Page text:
Here's a little preview of the story which is up at Plan B:
I was sitting at a bar, drinking another Black Label, when the man came up to me. I should have known he was bad news, a fellow like that with his nice suit, in a low-rent bar like the one I was in that day. Maybe it was the beer, maybe it was that I was still basically a kid, only twenty years old, but I didn’t twig to it.And, for the heck of it, a little preview of "Levels of Trust."
“I hear you’re looking for work, Lawrence,” he said, lowering himself gently onto the stool next to mine.
I took another swallow, cool-like, before answering. “If the pay’s right, sure.”
The suit nodded and pulled an envelope from his pocket. “I’ve got a problem, see. Girl trouble.”
He grinned at me like we understood each other. I would have just as soon punched that smarmy grin off his face, but I needed money and there wasn’t no use biting the hand. I grinned back at him.
"There's some stuff you should know before you go in there," Ian said, meeting me at the nondescript front door of the complex. I came inside, leaving the heat, stench and noise of the slum streets behind. My eyes were slow to adjust from the noontime sun to the comparative dark indoors.
"Hit me," I told him.
Ian had arranged things so he'd be the one letting me into the complex. I was on unfriendly ground, and any intelligence I could get would raise my odds of success.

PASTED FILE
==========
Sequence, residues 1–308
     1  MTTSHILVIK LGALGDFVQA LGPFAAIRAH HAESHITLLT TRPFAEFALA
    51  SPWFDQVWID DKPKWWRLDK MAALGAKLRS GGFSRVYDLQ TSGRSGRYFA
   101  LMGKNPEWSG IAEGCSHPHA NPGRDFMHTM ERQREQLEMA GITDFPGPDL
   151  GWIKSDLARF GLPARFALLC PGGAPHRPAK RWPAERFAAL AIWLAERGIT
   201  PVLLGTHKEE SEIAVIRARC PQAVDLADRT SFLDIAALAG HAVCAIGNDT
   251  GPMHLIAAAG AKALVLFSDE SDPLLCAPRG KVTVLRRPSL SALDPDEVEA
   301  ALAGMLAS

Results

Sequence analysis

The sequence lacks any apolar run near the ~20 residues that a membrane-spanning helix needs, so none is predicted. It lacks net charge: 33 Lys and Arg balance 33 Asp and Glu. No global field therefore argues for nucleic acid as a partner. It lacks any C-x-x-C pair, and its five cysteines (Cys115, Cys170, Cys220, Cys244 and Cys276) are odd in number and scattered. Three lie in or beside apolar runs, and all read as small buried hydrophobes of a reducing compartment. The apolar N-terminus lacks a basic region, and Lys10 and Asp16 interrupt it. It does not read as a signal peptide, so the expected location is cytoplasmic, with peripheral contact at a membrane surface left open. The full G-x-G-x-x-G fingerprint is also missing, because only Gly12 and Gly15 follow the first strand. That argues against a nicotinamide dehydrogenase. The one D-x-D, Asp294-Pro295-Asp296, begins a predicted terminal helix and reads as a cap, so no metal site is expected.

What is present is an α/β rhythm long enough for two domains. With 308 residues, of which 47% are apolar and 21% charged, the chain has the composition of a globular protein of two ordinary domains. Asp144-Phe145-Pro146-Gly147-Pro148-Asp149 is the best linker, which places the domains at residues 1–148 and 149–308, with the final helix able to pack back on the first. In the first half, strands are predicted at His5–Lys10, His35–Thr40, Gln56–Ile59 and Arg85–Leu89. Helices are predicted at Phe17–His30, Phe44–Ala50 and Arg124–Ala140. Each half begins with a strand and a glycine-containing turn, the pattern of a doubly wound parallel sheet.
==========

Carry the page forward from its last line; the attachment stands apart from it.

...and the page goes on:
"One, no weapons. If you're packing, turn it over to the guy at the door. They'll still pat you down, but this is gonna go a lot easier for you if they don't find anything when they do. Get me?" I nodded.
"Two." He pressed a button and waited briefly until he heard the click of a latch opening. We passed through a door. "Inside, the man you meet will appear to be in charge. But he won't be the person deciding what happens next."
"So who will be?"
Ian's mouth twitched. "I shouldn't answer that."
"You shouldn't be telling me what you've told me already, should you?"
"Just remember, everyone's got to answer to someone. Three, and this is most important, whatever answer you're given will be final. There's no appeal, no debate." He stopped me, put a hand on my arm. "You hear me?"
"No, Lawrence. Not 'fine.' I'm serious, do not try to get cute. You'll get a yes or a no. You say thank you. You leave." He caught my eye and repeated "You hear me?"
Me and Ian, we go back. Having bumped into him a few months ago, not long after I arrived in Johannesburg, had seemed like just a happy accident. With recent developments, that chance encounter might be a lifesaver. I'd saved Ian's ass a couple of times years back, now I was cashing in all that goodwill. So I didn't deck him for grabbing me.
But I still yanked my arm away hard.